How Democrats Can Turn Immigration Into Trump’s Kryptonite

President Donald Trump’s words and actions on immigration have outraged many Americans. Separating families at the border, packing asylum seekers in cages, seeking to ban Muslim visitors, virtually eliminating the nation’s refugee resettlement program, radically changing asylum rules and imposing a new wealth test for legal migration—even contending that the Statue of Liberty’s inscription should apply only to those who can “stand on their own two feet”—are offensive to our nation’s character and our history of openness.

And yet in trying to distinguish themselves from an unpopular president, Democrats might be losing the battle for a substantial segment of the voting population—moderate Republicans, independents and some traditional Democratic voters—by adopting extremely progressive positions on immigration, whether it’s abolishing ICE, providing government health care for the undocumented or glorifying immigrants as economic superheroes.

When Democratic debates focus on decriminalizing violations of our immigration laws and degenerate into a feeding frenzy of attacks over the deportation practices of the Obama administration—an administration that the vast majority of Americans still view as advocating the expansion of access to legal residency for the undocumented—the Democratic candidates seem radically out of sync with truly mixed public opinion on immigration issues. When the most memorable debate exchanges center on providing government health care for the undocumented, they feed the fires of resentment already kindled by Trump that immigrants are getting “special treatment at my expense.”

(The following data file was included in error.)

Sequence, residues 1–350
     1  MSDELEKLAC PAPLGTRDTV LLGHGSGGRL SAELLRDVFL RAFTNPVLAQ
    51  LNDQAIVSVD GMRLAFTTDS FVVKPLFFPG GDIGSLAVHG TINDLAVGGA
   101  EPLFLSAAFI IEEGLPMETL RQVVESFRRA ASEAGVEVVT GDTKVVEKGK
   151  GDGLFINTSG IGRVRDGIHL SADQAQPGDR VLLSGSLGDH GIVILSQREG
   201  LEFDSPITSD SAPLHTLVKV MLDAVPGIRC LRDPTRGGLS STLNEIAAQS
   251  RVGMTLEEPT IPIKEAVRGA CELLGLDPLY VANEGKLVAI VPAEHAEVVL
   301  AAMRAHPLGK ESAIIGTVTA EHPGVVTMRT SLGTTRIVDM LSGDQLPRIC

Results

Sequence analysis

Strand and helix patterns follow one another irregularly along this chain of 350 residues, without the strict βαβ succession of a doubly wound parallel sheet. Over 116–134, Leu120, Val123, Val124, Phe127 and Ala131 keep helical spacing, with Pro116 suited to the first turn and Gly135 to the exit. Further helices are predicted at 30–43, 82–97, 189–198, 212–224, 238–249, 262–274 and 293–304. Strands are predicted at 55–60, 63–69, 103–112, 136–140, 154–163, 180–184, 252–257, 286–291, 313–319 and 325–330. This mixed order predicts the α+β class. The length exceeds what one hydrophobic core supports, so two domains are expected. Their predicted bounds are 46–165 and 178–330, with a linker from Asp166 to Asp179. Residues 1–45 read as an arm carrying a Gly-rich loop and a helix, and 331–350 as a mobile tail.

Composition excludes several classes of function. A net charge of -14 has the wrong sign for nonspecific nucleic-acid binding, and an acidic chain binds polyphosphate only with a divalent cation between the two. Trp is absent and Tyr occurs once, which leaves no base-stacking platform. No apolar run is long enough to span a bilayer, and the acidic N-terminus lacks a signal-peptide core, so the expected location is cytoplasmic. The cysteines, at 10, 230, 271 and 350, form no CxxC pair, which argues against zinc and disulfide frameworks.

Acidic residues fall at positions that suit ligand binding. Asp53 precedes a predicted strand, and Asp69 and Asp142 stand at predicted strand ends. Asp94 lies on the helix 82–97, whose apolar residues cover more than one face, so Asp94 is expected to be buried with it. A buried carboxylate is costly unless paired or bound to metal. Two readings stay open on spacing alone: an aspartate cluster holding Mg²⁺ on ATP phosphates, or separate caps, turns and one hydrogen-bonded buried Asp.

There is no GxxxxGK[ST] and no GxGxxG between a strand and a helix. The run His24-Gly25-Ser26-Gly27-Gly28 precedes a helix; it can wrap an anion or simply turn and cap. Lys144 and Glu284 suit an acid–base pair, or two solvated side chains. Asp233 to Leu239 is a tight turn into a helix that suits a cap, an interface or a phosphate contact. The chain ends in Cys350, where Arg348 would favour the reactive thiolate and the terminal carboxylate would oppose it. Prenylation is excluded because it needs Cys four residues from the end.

If Democrats do not craft a smarter and more broadly appealing message, they risk alienating voters and helping Trump win reelection in 2020. But fortunately, new research on how Americans respond to disruptive forces like immigration and the looming majority-minority demographic shift offers guidance on how politicians can talk about immigration in a way that appeals to a wide swath of voters, without compromising the Democratic values of inclusion and compassion. Democrats and immigration advocates must offer a narrative that affords optimism and builds shared hope for the future, rather than focusing too narrowly on immigrants alone (making it about them rather than us) or deifying immigrants as better than Americans (the notion of immigrant exceptionalism).

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